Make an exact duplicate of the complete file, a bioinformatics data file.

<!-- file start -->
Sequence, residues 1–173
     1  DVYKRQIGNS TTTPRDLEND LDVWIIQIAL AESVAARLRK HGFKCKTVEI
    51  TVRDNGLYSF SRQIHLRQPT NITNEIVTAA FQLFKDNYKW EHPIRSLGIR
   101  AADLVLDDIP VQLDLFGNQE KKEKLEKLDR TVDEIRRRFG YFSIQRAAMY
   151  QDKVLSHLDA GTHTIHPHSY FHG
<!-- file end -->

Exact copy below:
Sequence, residues 1–173
     1  DVYKRQIGNS TTTPRDLEND LDVWIIQIAL AESVAARLRK HGFKCKTVEI
    51  TVRDNGLYSF SRQIHLRQPT NITNEIVTAA FQLFKDNYKW EHPIRSLGIR
   101  AADLVLDDIP VQLDLFGNQE KKEKLEKLDR TVDEIRRRFG YFSIQRAAMY
   151  QDKVLSHLDA GTHTIHPHSY FHG